Freneau's close friend at Princeton was James Madison, a relationship that would later contribute to his establishment as the editor of the National Gazette. He graduated in 1771, having written the poetical History of the Prophet Jonah, and, with Hugh Henry Brackenridge, the prose satire Father Bembo's Pilgrimage to Mecca.
Following his graduation from Princeton, Freneau tried his hand at teaching, but quickly gave it up. He also pursued a further study of theology, but gave this up as well after about two years. As the Revolutionary War approached in 1775, Freneau wrote a number of anti-British pieces. However, by 1776, Freneau left America for the West Indies, where he would spend time writing about the beauty of nature. In 1778, Freneau returned to America, and rejoined the patriotic cause. Freneau eventually became a crew member on a revolutionary privateer, and was captured in this capacity. He was held on a British prison ship for about six weeks. This unpleasant experience, detailed in his work, "The British Prison Ship" would precipitate many more patriotic and anti-British writings throughout the revolution and after.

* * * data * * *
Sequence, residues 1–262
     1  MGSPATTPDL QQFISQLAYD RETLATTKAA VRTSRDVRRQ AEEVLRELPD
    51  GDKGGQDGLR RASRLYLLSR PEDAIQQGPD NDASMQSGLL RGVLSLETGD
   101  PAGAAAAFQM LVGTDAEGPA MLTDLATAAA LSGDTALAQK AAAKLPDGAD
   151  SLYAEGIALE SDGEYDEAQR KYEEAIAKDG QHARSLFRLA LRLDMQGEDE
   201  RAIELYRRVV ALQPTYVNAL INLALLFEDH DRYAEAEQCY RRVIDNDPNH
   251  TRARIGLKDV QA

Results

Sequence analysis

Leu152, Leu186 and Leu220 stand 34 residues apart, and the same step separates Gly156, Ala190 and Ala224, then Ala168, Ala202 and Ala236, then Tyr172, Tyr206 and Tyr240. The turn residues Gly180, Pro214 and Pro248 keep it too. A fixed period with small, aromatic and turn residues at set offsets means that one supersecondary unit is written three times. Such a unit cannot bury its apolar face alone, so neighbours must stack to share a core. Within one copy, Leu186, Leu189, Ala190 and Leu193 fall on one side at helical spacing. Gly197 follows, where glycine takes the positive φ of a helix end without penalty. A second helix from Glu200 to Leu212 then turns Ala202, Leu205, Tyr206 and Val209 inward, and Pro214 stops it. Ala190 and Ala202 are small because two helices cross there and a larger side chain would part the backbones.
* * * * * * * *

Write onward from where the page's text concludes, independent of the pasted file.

In 1790 Freneau married, and became an assistant editor of the New York Daily Advertiser. Soon after, Madison and Thomas Jefferson worked to get Freneau to move to Philadelphia in order to edit a partisan newspaper that would counter the Federalist newspaper The Gazette of the United States. Jefferson, then head of the State Department, offered Freneau a position in Philadelphia as a State Department translator. Freneau accepted this undemanding position, which allowed him enough free time to head up the Democratic-Republican newspaper Jefferson and Madison envisioned.
This partisan newspaper, The National Gazette, provided a vehicle for Jefferson, Madison, and others to promote criticism of the rival Federalists. The Gazette took particular aim at the policies promoted by Alexander Hamilton, and like other papers of the day, would not hesitate to shade into personal attacks. Owing to The Gazette's frequent attacks on his administration, President George Washington took a particular dislike to Freneau.
Freneau later retired to a more rural life and wrote a mix of political and nature works. His nature poem, "The Wild Honey Suckle" (1786), is considered an early seed to the later Transcendentalist movement taken up by William Cullen Bryant, Ralph Waldo Emerson, and Henry David Thoreau.
Freneau is buried in the Philip Morin Freneau Cemetery on Poet's Drive in Matawan, New Jersey. His wife and mother are also buried here.